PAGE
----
Intense emotional release work offers individuals a safe method of expressing intense feelings of anger, fear and sadness associated with experienced trauma.

Psychodramas are an extremely reparative, role-playing technique. Staff members are given roles and lines to speak by the participants. Individuals are supported to address their feelings to these characters in a safe environment. With this technique individuals are challenged to take on the perspective of the other characters involved, enabling them to gain a wider perspective beyond their own. New approaches to a situation may also be practiced. Further perspectives are offered as the staff members de-role and explore their own experience with the role they played as well as insights to playing that particular role.

MDR is an excellent trauma-specific technique that offers our participants an opportunity to connect to their spirit, re-visit an experienced trauma or examine a current issue and “see” the reparative piece that needs to occur. Integrating traditional approaches with this technique, the worker guides the participants towards resolution.

Reiki is the channeling of healing energies of the universe. It is used with individuals to release energy build-ups or blocks in their bodies that have formed as a result of physical disease, chronic pain, old injuries, accidents, repressed trauma and emotions.

EFT involves tapping on meridian points throughout the body. Energy tapping will calm an individual, preventing severe abreactions such as panic attacks or high blood pressure which may occur by revisiting an experienced trauma. It can also be used to identify blocks, change behaviours and negative thinking patterns as well as help people with such things as weight loss and allergies. At Ganǫhkwásra` we like to think of tapping as an acknowledgement of the thoughts and feelings we are holding in order to release the negative energy we are attracting to ourselves as a result. This approach makes the technique more culturally appropriate as many of our ceremonies are about acknowledging spirits, energy or “what’s there” and helping them to move on.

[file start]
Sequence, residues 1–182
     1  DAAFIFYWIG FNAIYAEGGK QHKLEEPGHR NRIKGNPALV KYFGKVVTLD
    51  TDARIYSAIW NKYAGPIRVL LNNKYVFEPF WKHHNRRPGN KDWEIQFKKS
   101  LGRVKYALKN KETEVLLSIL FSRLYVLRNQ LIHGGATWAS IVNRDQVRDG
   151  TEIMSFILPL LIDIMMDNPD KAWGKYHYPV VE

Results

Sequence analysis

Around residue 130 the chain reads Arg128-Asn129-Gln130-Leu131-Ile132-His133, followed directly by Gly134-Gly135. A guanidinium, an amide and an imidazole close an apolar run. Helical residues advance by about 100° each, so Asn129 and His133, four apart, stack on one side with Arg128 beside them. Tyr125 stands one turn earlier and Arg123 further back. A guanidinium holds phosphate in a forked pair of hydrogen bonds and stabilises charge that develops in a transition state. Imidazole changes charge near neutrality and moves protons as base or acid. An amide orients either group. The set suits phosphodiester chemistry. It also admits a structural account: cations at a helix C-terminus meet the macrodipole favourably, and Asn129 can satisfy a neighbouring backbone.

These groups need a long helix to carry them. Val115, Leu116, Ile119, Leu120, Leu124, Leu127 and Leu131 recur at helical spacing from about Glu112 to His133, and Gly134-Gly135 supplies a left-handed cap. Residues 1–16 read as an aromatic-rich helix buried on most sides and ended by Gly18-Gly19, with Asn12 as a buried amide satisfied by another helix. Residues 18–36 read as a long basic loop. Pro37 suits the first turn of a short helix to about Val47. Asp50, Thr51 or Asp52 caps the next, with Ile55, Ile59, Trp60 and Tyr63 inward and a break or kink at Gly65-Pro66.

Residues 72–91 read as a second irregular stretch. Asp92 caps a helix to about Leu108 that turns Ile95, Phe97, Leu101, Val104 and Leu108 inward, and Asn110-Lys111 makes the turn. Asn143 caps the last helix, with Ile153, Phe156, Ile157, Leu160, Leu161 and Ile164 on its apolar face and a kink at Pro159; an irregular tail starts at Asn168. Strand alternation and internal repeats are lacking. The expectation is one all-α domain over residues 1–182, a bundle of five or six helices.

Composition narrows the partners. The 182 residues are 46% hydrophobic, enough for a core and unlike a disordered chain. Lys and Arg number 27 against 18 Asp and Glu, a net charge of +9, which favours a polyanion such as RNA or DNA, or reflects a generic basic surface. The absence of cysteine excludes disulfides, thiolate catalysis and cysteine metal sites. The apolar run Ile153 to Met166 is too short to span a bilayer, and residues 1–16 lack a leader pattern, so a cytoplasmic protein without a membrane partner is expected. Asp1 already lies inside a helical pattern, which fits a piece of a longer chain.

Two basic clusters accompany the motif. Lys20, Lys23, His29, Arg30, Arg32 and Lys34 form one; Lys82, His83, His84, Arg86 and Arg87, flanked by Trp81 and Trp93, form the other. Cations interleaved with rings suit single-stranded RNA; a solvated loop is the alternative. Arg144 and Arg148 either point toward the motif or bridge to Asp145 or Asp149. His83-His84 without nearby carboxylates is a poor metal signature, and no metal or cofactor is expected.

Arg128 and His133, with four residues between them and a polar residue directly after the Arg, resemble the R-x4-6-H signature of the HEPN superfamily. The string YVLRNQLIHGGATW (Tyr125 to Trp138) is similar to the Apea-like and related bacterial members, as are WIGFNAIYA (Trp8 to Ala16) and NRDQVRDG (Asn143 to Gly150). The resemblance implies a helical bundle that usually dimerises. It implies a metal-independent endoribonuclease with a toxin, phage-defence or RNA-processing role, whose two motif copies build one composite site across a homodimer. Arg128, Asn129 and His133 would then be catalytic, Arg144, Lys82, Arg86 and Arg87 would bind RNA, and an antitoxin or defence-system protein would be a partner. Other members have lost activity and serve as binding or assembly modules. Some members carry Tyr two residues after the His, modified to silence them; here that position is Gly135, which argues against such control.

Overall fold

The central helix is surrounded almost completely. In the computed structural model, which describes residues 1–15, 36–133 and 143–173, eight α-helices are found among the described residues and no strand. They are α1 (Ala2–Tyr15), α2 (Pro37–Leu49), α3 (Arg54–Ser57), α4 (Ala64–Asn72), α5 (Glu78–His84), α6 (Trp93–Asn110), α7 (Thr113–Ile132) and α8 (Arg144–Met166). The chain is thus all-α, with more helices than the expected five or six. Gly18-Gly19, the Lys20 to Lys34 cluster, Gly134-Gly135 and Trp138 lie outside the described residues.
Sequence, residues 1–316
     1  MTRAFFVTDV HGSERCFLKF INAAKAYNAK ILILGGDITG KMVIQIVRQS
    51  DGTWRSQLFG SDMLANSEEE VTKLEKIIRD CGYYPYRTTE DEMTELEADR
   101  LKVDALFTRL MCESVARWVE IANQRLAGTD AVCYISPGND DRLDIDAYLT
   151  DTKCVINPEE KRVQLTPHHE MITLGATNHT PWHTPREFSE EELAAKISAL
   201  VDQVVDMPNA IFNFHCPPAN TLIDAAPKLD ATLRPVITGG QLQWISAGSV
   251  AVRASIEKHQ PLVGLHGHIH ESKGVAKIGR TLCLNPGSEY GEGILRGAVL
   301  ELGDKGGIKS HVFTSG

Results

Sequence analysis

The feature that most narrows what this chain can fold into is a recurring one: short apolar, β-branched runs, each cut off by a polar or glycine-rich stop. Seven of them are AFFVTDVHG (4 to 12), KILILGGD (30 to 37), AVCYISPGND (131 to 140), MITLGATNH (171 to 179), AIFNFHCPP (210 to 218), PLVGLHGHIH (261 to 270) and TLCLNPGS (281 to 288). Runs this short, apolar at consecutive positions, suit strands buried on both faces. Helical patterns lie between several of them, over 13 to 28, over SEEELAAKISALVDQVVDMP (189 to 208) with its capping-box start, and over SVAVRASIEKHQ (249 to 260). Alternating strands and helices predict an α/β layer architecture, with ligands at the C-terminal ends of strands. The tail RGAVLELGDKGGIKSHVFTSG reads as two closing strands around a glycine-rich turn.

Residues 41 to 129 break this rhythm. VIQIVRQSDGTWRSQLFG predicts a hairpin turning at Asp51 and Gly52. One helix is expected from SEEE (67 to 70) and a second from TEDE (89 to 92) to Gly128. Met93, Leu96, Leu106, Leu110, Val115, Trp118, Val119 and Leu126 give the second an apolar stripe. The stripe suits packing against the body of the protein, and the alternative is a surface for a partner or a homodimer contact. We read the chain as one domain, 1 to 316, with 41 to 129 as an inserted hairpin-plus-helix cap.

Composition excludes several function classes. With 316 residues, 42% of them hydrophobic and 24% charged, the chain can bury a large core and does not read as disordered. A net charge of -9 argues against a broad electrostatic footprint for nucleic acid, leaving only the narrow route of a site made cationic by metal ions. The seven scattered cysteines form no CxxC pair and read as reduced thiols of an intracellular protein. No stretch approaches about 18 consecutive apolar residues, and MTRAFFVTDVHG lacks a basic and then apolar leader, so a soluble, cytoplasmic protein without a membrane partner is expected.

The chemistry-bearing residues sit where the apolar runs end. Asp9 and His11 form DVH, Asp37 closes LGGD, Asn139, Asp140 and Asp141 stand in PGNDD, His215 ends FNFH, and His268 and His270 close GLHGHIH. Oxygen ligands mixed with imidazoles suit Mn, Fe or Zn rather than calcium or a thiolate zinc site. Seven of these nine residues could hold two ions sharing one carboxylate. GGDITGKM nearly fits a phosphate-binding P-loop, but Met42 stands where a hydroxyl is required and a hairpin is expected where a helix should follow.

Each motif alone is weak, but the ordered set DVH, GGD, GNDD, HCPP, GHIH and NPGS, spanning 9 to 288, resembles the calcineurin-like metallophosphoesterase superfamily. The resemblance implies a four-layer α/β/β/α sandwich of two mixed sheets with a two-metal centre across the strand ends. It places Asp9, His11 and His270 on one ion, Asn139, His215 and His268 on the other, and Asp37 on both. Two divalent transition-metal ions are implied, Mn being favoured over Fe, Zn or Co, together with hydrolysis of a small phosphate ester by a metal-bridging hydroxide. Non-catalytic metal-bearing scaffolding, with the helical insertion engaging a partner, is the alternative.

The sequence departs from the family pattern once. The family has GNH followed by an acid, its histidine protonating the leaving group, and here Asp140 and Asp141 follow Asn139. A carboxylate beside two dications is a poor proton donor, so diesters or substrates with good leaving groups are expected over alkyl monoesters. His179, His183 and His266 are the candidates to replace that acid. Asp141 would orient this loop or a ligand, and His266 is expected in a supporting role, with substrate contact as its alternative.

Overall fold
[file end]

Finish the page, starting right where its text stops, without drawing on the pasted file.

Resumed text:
Together, these counselling techniques help people to reconnect in their meaningful relationships. They are based on the power to choose healthy behaviours in relation to self and others.

Hypnosis is used in a therapeutic manner to assist individuals in addressing issues or problems they are experiencing.

Art and play therapy techniques as well as grounding techniques, prayer, meditation and visualization exercises are also utilized in assisting individuals with their healing work.

All of these techniques can be considered energy work and therefore compliment the spiritual teachings of First Nations culture very well.

FIT is a holistic self-healing process that uses a series of questions to facilitate the resolution and understanding of personal issues at the root cause. The process opens the doorway to your untapped potential and intuition, which facilitates immediate access to your unlimited potential.

Brief Narrative Therapy involves a collaboration that seeks and activates people’s own knowledge to address their concerns and predicaments as shared through the stories they tell. These knowledges, when brought into ‘stories in the making’ can be developed into proposals for action encompassing counter-actions, counter-thoughts, and problem deconstruction. People experience themselves as knowledged, with the skills and experiences that allow them to address their concern or to more fully step into preferred ways of living.